New winds over the Middle East and North Africa – Promises and Risks following the “Arab Spring” in 2011

Datum: 2011-10-10


Staffan Riben, chairman of NOG's Program Committee


  • Inga Brandell, Ph.D., Asst. Professor at Södertörn University, School of Social Sciences
  • Emma Sky, Visiting Professor at Kings's College, London, War Studies Department
  • Bassam Fattouh, Ph.D., Director Oil and the Middle East Programme at Oxford Institute of Energy Studies; Professor at the School of Oriental and African Studies, St. Anthony's College, Oxford University

Since December 2010, civil protests and uprisings have spread rapidly across the Middle East and North Africa (often referred to as the MENA region). This wave of popular protests and call for change, with young activists as vanguard, has been named the "Arab Spring". In Tunisia and Egypt, and now also Libya, established regimes have been overthrown; massive demonstrations have destabilized Syria, Bahrain and Yemen, and been met harshly. Popular protests have affected several other countries in the MENA region, which already before was affected by complicated political conflicts. The region is also crucial to the world's energy supply; it holds some 60 % of the reported, proved reserves of oil and 45 % of gas reserves. Nearly all the spare capacity in oil production in the world is here.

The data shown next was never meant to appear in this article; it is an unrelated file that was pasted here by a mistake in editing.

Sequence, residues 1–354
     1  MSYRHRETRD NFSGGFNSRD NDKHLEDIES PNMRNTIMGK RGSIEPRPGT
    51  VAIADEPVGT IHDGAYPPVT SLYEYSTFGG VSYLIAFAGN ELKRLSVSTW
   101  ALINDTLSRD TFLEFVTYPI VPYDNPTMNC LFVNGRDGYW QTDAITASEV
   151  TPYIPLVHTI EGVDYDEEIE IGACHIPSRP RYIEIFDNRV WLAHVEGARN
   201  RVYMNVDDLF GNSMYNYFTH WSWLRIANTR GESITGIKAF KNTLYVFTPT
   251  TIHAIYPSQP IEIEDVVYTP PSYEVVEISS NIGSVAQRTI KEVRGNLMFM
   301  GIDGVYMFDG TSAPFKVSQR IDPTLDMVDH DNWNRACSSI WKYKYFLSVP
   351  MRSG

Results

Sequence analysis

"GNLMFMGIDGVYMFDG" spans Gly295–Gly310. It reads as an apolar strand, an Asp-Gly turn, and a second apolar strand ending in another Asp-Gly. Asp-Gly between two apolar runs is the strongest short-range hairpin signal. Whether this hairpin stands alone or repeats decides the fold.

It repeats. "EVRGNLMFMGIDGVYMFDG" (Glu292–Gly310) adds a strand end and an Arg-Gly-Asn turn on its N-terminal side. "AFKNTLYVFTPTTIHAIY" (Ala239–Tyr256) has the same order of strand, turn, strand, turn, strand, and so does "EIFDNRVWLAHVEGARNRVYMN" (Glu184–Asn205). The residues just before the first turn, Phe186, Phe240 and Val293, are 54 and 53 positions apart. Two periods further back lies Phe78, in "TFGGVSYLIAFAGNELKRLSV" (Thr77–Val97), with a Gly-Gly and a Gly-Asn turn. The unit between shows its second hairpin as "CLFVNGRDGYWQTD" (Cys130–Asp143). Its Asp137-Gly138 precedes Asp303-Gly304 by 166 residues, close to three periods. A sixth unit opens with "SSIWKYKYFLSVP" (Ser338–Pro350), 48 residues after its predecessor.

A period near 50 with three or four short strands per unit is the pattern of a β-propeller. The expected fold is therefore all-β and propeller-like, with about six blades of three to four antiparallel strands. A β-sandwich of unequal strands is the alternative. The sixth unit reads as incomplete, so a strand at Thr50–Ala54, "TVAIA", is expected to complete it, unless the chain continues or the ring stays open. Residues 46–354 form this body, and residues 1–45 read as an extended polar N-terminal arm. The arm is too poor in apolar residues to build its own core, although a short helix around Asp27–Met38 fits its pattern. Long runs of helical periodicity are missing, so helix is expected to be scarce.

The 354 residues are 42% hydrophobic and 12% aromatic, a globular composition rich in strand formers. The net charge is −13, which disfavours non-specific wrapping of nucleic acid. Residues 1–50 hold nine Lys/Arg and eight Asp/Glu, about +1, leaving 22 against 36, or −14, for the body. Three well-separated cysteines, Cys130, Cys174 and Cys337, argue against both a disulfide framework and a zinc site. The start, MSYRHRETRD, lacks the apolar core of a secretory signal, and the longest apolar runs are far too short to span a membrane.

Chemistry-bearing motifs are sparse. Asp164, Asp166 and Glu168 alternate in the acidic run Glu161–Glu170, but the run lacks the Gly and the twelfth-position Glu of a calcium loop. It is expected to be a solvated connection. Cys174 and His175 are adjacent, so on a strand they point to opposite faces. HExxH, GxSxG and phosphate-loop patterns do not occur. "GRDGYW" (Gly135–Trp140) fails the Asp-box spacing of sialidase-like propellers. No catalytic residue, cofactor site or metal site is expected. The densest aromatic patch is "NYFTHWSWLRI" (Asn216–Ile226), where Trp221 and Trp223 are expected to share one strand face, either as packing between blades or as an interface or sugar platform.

At the seminar, we will highlight the complex forces that are at play and discuss the conditions that will shape the political development in the different key countries of the region. Which promises and pitfalls can we see? Democracy, new autocracy or sectarianism? We will also examine the consequences of the political changes for the world's oil and gas markets, for MENA as an oil and gas producing region, and describe the scenarios that may constitute major risks for the world's energy supply.